The Stanley Cup makes a visit to Camp Lejune

Ok, it didn’t exactly grow legs and walk to Camp Lejune – it was taken there by Hurricanes defenseman Glen Wesley. This is an awesome story:

The Stanley Cup flew into Raleigh, North Carolina just before 11 a.m. on Thursday, July 13, ready to spend a couple of days with Hurricanes’ defenseman Glen Wesley. Wesley, who just completed his 18th NHL season, and eighth with Carolina, had withstood 1,311 regular season NHL contests before finally earning the opportunity to cradle hockey’s biggest prize, and wasn’t going to waste a second of his time with the Stanley Cup.

There to meet the Stanley Cup were Wesley, his wife Barb, and their children Amanda, Matt and Josh. Wesley and Barb were high school sweethearts in Red Deer, Alberta and have now been married 18 years. The five Wesleys drove with the Stanley Cup to Camp Lejeune in Jacksonville, North Carolina, a military base the family regularly drives past on their way to the beach. Located about two and a half hours from Raleigh, the Wesleys felt that taking the Stanley Cup to the Wounded Warriors at Camp Lejeune would give them the opportunity to personally and appropriately thank the Marines for their service on behalf of the country.


Wesley and his family were escorted to the barracks to meet several young men wounded in Afghanistan and Iraq and who are receiving physical and/or mental rehabilitation. As Wesley stepped through the doors, holding the Stanley Cup over his head in triumph, the Marines exploded in excitement. They clapped, hooted and hollered. Those who question the impact that hockey and the Stanley Cup have made on the southern United States need only have witnessed the spontaneous outpouring of enthusiasm exhibited by the wounded Marines at Camp Lejeune.

Wesley placed Lord Stanley’s Cup on a table. After some Stanley Cup history was presented, he opened the floor to questions from the Marines.

“How many beers will the Cup hold?” The crowd roared, and after a question like that opened the proceedings, all knew it was going to be a fun afternoon. Oh, by the way, the answer is fourteen. Other questions included whether Wesley still has all his own teeth (“Yeah, surprisingly, I do,” came Wesley’s response) and, “What was the best fight you ever were in?” Wesley smiled and said there’ve been too many to pick just one.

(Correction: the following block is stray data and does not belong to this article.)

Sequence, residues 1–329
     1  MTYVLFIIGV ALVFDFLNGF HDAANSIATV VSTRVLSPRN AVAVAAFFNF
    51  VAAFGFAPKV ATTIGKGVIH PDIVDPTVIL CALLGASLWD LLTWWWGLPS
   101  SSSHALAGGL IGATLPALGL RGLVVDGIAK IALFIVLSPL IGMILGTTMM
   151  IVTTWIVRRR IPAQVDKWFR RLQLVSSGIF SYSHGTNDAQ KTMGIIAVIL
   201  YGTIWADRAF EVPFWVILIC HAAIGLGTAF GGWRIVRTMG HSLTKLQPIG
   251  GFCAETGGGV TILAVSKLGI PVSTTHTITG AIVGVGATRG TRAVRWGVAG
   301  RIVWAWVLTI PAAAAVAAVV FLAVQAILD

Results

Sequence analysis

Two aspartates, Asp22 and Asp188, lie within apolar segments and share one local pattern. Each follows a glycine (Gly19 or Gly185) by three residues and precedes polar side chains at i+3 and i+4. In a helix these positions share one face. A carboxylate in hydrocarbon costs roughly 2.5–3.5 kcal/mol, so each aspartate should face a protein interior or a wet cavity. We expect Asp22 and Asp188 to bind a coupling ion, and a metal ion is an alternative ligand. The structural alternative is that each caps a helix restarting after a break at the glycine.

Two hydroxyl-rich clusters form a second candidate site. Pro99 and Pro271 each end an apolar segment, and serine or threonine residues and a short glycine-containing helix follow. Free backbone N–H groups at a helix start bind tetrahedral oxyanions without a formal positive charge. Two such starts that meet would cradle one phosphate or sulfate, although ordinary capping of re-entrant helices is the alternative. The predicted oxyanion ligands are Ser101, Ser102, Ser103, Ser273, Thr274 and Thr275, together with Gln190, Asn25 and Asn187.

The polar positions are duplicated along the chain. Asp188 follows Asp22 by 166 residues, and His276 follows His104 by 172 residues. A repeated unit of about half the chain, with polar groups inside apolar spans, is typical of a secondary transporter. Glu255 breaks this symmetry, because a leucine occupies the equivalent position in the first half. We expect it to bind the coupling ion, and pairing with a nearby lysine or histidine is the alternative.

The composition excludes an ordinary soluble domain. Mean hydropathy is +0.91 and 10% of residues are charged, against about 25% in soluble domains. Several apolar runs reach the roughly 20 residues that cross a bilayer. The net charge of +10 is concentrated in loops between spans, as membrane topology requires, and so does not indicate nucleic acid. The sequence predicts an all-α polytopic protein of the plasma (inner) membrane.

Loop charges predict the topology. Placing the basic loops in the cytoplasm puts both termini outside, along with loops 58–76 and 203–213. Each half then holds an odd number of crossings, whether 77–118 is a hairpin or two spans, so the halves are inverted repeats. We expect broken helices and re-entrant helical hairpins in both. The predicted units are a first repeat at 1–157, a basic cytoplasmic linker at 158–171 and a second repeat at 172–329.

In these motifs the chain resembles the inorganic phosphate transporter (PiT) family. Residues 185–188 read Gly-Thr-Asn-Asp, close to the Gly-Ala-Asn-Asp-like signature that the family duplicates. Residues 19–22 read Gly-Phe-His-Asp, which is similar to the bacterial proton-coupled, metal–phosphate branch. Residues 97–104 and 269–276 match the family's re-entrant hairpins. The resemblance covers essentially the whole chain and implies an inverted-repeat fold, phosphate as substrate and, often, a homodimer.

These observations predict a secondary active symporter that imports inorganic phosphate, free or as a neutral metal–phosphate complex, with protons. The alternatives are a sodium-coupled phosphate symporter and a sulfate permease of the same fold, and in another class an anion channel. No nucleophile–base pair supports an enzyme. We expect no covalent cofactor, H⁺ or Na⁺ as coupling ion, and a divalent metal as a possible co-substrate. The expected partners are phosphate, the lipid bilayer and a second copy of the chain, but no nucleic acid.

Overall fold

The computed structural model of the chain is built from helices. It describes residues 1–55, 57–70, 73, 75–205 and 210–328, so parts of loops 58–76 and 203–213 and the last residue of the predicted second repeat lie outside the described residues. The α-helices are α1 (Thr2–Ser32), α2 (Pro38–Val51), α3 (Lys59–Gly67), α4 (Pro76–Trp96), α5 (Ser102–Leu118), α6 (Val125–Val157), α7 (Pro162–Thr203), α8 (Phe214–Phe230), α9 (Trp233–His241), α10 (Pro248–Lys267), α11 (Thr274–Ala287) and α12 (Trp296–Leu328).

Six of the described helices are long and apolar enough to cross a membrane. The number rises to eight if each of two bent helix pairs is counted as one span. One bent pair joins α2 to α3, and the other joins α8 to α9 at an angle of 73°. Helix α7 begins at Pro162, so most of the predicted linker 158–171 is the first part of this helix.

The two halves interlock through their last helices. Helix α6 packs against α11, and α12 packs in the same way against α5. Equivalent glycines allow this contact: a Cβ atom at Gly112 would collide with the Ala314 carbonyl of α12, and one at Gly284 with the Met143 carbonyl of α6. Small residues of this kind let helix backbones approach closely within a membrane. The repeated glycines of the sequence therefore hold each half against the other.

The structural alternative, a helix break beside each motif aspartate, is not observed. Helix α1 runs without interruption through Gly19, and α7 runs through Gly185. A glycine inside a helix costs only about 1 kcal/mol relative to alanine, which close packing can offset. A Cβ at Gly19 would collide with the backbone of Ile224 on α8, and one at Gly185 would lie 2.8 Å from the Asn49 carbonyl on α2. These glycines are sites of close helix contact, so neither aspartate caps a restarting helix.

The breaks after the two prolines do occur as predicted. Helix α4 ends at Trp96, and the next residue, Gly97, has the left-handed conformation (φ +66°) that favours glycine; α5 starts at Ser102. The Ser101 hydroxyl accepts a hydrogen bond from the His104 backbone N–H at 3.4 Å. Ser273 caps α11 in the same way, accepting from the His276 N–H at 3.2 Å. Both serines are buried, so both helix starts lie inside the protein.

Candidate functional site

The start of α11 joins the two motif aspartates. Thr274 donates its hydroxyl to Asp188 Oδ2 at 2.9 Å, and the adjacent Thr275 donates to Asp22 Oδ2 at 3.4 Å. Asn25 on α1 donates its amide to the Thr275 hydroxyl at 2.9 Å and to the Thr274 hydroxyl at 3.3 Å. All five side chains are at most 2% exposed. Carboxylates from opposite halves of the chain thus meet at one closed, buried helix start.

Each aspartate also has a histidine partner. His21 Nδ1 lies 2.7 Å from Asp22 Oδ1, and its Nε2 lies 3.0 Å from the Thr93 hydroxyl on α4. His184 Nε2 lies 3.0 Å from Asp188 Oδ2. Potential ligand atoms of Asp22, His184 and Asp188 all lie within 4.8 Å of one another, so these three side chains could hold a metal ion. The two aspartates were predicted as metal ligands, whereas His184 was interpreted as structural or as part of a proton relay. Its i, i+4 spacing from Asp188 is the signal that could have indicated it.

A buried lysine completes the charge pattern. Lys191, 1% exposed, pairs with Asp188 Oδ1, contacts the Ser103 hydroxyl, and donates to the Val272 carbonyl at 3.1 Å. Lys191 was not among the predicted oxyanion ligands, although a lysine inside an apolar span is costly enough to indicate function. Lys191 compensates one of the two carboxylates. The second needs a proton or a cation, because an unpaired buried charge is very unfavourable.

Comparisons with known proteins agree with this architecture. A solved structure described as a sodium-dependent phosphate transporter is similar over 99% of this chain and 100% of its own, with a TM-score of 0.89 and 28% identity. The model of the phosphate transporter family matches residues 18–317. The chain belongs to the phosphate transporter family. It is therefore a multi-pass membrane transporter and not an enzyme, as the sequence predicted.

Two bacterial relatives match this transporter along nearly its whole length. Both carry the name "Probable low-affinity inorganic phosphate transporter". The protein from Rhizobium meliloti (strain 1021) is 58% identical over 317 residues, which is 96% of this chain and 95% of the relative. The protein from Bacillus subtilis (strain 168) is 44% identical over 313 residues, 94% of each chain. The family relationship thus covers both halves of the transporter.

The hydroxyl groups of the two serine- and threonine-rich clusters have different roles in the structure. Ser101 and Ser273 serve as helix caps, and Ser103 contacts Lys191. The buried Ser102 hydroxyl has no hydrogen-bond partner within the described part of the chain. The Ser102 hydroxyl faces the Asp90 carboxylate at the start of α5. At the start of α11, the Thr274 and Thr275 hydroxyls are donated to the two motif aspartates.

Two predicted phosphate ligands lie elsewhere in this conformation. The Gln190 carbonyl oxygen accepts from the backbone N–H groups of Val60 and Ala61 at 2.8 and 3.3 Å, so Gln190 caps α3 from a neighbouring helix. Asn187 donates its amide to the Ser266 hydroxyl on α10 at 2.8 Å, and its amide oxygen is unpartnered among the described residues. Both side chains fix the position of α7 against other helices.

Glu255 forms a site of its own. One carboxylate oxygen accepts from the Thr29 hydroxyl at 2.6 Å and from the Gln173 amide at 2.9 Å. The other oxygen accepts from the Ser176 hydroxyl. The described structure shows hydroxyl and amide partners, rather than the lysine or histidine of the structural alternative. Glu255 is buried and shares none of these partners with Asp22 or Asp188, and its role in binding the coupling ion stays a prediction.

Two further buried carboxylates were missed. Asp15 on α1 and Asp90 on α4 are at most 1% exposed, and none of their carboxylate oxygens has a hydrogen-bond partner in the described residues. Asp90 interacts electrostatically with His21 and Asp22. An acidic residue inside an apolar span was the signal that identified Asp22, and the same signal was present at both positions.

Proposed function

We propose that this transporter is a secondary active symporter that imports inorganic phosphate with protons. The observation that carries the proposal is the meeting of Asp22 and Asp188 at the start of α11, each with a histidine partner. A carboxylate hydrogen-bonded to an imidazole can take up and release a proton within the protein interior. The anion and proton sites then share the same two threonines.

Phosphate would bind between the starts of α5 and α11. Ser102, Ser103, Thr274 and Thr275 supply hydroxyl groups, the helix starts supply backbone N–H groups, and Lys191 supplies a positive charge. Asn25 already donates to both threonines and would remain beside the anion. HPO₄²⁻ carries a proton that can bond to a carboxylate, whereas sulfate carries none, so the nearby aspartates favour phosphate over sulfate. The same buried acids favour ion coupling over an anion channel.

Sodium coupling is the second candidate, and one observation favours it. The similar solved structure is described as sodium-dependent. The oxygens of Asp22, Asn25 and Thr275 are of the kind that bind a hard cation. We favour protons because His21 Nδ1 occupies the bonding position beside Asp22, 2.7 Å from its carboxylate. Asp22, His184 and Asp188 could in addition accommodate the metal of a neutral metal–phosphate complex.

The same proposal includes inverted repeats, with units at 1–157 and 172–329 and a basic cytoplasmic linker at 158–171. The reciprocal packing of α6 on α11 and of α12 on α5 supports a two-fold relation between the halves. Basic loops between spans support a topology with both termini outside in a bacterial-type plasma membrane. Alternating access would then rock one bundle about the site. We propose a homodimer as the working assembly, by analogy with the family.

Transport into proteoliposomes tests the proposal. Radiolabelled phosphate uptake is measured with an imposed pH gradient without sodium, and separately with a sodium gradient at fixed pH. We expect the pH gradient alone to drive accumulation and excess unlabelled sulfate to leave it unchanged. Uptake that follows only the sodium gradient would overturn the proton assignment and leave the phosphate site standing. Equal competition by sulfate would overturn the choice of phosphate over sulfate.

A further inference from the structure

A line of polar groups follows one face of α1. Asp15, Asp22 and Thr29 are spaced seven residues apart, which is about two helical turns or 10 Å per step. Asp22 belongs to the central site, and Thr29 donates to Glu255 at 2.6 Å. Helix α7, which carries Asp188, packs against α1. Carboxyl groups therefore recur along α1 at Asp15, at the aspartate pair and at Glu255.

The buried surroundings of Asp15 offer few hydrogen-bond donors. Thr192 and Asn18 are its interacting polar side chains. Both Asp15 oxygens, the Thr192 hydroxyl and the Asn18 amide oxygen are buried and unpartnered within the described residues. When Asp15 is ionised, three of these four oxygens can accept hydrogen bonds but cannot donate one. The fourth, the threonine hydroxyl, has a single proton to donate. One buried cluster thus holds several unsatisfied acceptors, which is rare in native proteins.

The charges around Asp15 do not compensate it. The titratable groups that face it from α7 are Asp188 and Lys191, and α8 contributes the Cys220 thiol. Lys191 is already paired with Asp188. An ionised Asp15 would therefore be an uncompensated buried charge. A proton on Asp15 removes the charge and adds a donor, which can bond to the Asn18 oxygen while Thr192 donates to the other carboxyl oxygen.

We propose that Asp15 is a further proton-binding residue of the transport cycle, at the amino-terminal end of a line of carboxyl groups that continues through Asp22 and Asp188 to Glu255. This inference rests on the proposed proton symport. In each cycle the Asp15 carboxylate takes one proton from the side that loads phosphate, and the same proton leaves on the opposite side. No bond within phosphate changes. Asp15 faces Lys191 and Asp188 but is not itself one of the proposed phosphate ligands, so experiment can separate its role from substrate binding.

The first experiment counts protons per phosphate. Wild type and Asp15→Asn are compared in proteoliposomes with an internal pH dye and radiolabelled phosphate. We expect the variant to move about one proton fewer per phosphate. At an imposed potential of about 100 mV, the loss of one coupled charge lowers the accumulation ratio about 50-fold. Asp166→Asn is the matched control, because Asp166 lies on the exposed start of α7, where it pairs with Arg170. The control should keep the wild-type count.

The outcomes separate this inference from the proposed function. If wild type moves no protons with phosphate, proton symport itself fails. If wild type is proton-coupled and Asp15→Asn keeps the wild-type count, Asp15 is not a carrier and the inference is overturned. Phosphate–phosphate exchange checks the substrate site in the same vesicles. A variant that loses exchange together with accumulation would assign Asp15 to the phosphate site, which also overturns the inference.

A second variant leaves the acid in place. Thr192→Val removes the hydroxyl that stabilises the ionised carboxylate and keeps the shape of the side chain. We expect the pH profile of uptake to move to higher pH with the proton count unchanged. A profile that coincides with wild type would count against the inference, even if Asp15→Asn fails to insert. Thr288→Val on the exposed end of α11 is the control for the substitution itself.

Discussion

What easily could have been a somber afternoon was, surprisingly, not like that at all. Each of the 43 Marines who make up the Wounded Warriors was injured abroad while serving in Iraq or Afghanistan. After they had exhausted questions to him, Wesley turned the tables and asked the boys what they had witnessed and how they had received their wounds. They were quick with a joke and not afraid at all to discuss their injuries. Several of the heroes had lost limbs, three had lost an eye. Lieutenant-Colonel Tim Maxwell, the founder of the Wounded Warriors, stepped up and prompted his crew to tell Wesley and his family how they “got whacked.” He himself was injured by a mortar blast in Iraq in 2004. Some were injured by suicide bombers. Others were near a bomb when it exploded. One Marine explained, “I got more metal in my leg than a hardware store!”

The Stanley Cup: the gift that keeps on givin’ :)

Thanks to ST reader Fat Tone for sending along the link.

Related: God Bless America! Ben Stein writes:

And who made it possible? The nation that armed and fought the Nazis and the Japanese, that ran into Nazi machine gun fire at Omaha Beach to liberate France, that fought some of the worst fighting in history in the Huertgen Forest, that charged into Japanese Nambu bullets on Okinawa to beat the Emperor, that sent its best and brightest to fight the battles that saved the world from a thousand year reign of darkness.

And who still makes it possible for me to have as my main concern the keyless starters on my car? Or the heat today? Who makes it possible? The guy who faces worse heat than this every day with body armor and no air conditioning and brutal killers laying explosives for him and sniping at him — and her — at every turn. It is impossible to go out in this heat here in Rancho Mirage. But our soldiers and Marines and Seals and Air Force people do it every day while getting shot at.

God bless this glorious American military, every wife, every child, every parent, and endless prayers for them to return home safe, mission accomplished. God bless them every moment of every day for keeping safe this America, inside of which we live as powerfully as we live in our skin. This has to be the central fact of our lives: gratitude for the men and women who make this great life possible, who wear the uniform and cover it with glory.


Hat tip: Kevin Funnell, who has written a stirring post honoring those who have made the ultimate sacrifice and the way of life they defended: ours.


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